Mood swing

A mood swing is an extreme or rapid change in mood.


Associated disorders

Mood swings are commonly associated with mood disorders including bipolar disorder (manic depression)[1] and depression. In patients with cases of bipolar disorder, the patient experiences serious mood swings that last for days or even weeks. These episodes consist of the patient alternating rapidly between depression and euphoria.[2]

Another major cause of mood swings are hyperactivity or hyperactivity/inattentiveness, as they are occasionally seen in individuals diagnosed with Attention deficit hyperactivity disorder. If the mood swing is not associated with a mood disorder, treatments are harder to assign. Most commonly, however, mood swings can be a result of dealing with daily life and/or unexpected situations.

Other causes of mood swings are due to hormonal changes, temporarily upsetting brain chemistry. As the hormones involved normalize, these mood swings generally subside on their own.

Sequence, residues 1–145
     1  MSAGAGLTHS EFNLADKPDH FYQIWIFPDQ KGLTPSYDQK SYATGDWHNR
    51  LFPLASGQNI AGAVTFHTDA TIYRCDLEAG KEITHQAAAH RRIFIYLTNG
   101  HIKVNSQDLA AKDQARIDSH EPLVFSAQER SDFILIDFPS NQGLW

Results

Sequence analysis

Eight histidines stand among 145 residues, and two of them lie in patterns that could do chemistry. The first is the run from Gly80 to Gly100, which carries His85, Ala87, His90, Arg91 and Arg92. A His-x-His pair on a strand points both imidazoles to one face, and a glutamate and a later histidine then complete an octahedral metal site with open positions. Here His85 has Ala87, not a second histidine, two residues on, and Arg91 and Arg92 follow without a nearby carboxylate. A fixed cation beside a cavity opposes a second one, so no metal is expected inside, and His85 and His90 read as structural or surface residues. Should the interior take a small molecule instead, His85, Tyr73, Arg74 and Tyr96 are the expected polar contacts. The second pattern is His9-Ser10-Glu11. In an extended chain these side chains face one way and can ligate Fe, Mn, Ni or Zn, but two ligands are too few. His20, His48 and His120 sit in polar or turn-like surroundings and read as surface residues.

There are many different things that might trigger a mood swing in a person. Everyday people experience small changes in their mood; however, if these mood swings take control of a person's life and prevent normal functioning, medical advice may be appropriate.[citation needed]

Chemical imbalance

If a person has an abnormal level of certain neurotransmitters (NTs) in their brain, it may result to having mood swings or a mood disorder. Serotonin is a neurotransmitter in the brain that is involved with sleep, moods, and emotional states. A slight imbalance of this NT could result in depression. Norepinephrine is a neurotransmitter that is involved with learning, memory, and physical arousal. Like serotonin, an imbalance of norepinephrine may also result in depression.

See also


  1. ^ Symptoms of Bipolar Disorder
  2. ^ Hockenbury, Don and Sandra (2011). Discovering Psychology Fifth Edition. New York, NY: Worth Publishers. p. 549.